HAMBURG, Iowa — With grim determination, the Finnell family emptied more inventory from their downtown antique store Wednesday as the small Iowa town prepares for what could be Round 2 of flooding.
Several feet of water poured into the Main Street store during record flooding in March that left a portion of Hamburg underwater. Now, the rapidly rising Missouri River threatens the town again.
Large amounts of rain, saturated soil and runoff in the Missouri Basin are forcing higher releases of Missouri River water from Gavins Point Dam in South Dakota.
Gavins Point releases went from 65,000 cubic feet per second on Tuesday to 70,000 on Wednesday. A jump to 75,000 is expected Saturday.
Discharges in a normal year are around 30,000.
The releases and the recent heavy rains in Nebraska and Iowa are expected to worsen the flooding problems in such downstream Iowa cities as Hamburg, Percival and Pacific Junction.
Wednesday, Glenn and Melanie Finnell and their son Dallas grabbed cuckoo clocks, glass jars and boxes full of other antique pieces, all of which are headed for higher ground.
“Angry. Depressed. Sad,” 24-year-old Dallas Finnell said, summing up his mood. “We’re not sure if this is going to take more stuff from us. We can only lose so much.”
Behind them, workers with the U.S. Army Corps of Engineers were assembling a double-layer flood barrier across E Street to try to prevent the kind of flooding that already crippled the town once this year.
According to the corps, one of the levees that protects Hamburg breached in seven places in mid-March. Repairs are ongoing, leaving the town increasingly vulnerable as rain continues to fall and the Missouri and Nishnabotna Rivers continue to swell.
This month alone, more than 10 inches of rain has fallen in the area, Fremont County Emergency Management officials said.
The barriers lining Main Street are meant to keep the north side of town dry, said Mike Crecelius, the county’s emergency management director. The Ditch 6 levee has been built up to protect the western and southern portions of town from floodwaters. Earthen berms were added to each end of the levee for added strength.
“Eleven local guys brought in their bulldozers and built the levee back up (Tuesday),” Crecelius said. “The corps gave us elevation readings, and we added 3 feet all along the levee.
“I’m hoping what we’ve done will be enough, but it’s really out of our hands now,” he said. “It’s up to Mother Nature. It will depend on the river levels.”
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As of late Wednesday afternoon, the Missouri River was carrying less than half as much water at Nebraska City as it did during the peak of flooding in March, according to Kellie Bergman, chief of the hydrologic engineering branch for the U.S. Army Corps of Engineers.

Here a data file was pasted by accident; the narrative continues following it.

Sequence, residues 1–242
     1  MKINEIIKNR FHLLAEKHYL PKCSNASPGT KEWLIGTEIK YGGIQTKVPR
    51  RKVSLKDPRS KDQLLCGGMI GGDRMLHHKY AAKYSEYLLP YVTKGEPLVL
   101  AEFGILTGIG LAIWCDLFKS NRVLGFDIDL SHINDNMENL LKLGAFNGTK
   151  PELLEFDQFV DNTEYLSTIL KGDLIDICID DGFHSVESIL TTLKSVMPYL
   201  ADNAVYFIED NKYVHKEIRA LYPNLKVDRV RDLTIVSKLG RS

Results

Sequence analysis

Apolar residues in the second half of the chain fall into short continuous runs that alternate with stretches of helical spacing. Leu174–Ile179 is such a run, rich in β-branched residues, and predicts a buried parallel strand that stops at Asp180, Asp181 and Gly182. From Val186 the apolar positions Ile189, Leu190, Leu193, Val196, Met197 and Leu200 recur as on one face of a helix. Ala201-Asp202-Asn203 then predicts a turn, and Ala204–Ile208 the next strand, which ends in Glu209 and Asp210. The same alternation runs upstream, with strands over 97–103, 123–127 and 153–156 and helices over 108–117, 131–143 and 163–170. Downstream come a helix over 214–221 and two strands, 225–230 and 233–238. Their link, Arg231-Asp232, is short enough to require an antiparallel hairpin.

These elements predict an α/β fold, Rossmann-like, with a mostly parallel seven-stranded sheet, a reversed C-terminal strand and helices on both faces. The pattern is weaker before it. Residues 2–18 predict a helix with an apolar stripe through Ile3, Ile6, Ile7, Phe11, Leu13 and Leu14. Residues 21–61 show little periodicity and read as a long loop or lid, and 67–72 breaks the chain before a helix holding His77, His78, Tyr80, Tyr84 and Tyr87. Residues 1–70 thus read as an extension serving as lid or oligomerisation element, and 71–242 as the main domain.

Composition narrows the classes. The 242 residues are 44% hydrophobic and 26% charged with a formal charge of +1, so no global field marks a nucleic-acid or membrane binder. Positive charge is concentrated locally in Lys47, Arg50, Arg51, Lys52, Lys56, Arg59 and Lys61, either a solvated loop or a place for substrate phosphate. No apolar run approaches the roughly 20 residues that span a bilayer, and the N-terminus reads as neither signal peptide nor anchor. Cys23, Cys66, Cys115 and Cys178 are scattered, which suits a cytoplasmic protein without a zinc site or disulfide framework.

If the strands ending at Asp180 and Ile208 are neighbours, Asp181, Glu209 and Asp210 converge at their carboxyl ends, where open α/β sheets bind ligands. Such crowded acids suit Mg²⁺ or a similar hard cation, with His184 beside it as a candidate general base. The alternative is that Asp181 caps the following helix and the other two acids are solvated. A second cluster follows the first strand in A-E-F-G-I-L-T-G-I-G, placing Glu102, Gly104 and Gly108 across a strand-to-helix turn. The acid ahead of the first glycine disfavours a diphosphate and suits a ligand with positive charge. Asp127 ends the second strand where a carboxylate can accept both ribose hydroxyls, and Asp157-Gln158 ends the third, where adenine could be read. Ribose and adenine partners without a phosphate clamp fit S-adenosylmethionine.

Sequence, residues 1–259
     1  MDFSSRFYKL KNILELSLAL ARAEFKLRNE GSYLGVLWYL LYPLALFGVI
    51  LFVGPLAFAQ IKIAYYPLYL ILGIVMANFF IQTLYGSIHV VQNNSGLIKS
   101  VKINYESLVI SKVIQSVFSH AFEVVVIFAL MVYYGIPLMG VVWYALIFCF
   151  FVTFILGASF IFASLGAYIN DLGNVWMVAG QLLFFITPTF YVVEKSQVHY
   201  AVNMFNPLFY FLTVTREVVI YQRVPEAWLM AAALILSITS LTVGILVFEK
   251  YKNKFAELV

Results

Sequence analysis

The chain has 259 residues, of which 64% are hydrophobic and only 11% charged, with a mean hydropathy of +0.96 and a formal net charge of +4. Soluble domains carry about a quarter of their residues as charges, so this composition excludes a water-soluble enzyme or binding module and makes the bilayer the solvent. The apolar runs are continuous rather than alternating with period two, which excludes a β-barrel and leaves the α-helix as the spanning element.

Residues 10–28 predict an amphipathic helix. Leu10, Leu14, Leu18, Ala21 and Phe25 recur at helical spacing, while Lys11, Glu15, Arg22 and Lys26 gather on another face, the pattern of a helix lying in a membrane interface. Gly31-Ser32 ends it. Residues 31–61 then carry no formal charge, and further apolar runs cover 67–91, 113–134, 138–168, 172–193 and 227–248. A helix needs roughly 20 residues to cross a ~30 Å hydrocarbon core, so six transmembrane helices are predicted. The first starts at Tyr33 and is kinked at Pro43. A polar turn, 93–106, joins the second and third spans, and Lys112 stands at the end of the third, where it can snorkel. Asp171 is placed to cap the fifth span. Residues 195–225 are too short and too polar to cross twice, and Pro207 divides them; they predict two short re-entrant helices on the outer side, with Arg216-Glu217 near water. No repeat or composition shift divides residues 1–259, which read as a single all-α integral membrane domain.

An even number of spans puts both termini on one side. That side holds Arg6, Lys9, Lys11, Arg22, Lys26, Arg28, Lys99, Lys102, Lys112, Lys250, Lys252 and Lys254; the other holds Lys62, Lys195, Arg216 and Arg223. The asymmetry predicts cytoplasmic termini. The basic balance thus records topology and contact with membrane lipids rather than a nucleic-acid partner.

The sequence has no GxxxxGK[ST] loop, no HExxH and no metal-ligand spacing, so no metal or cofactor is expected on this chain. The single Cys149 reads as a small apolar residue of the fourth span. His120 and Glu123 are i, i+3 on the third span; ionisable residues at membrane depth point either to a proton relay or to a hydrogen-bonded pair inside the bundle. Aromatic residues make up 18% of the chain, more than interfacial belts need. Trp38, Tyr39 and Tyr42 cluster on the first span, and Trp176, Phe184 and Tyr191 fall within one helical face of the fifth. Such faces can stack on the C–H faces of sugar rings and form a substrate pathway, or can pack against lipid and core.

However, the levees still have holes in them, so the valley floods at a lower river level than it would have prior to the March flooding. Additionally, some of the flooding behind the levees is being caused by runoff from recent heavy rains, she said.
Bergman cautioned that people should not take river conditions for granted. Even where levees haven’t broken, they have been weakened, so fresh breaks are possible.
Downtown Hamburg was a virtual ghost town Wednesday — only a handful of businesses have reopened since March. City water and sewer service was restored only a few weeks ago, and piles of flood wreckage — soggy insulation, couches and floorboards — remain heaped outside affected homes and businesses, waiting to be hauled away.
Three dozen mattresses are stacked outside the Hamburg Inn, and 5 inches of mud still coats the floor of some motel rooms. A pyramid of moldy corn sits outside a grain company on the outskirts of town.
All that debris will be floating if water rushes in again, said Hamburg City Councilman Wille Thorp.
Thorp estimated that about 400 Hamburg residents are displaced and living elsewhere, including the campground at nearby Waubonsie State Park. Prior to the March flood, the city’s population hovered around 1,000.
Wednesday morning, Thorp and Chipper Fyfe, a worker with GoServ Global, a faith-based nonprofit that has been helping residents muck out houses in Hamburg, checked on an earthen city dike east of Interstate 29 that stands 11 to 12 feet high. On the other side, water lapped against it, in some places only a foot or so from the top.
If “it comes in,” Thorp said, “we’ve lost people already who are moving away.”
Cleanup also is ongoing in Pacific Junction, which evacuated for nearly a month in March. Wednesday, contractors with St. Louis-based Environmental Restoration, LLC collected so-called “orphan tanks” — stranded oil tanks and hazardous material containers — from floodwaters outside the city via airboat.
The March flooding hit several buildings owned by the Finnells and ruined much of the family’s classic car collection. Volunteers seemed to focus on helping those with flooded homes, they said, leaving business owners to fend for themselves.
Crecelius said Hamburg also faces danger from the rising Nishnabotna River on the city’s east side.
“That’s another concern,” he said. “We’re not working there yet, but the road to Riverton was cut off (by the river) at 11 p.m. (Tuesday).”
Glenn Finnell, 78, lived through floods in 1952, 1993 and 2011, when Hamburg was largely spared.
“I’m not going back,” he said about reopening the antique business.
Finnell said he’d like to sell his buildings. “But I don’t know who would buy them.”
World-Herald staff writers Kevin Cole, Marjie Ducey and Nancy Gaarder contributed to this report.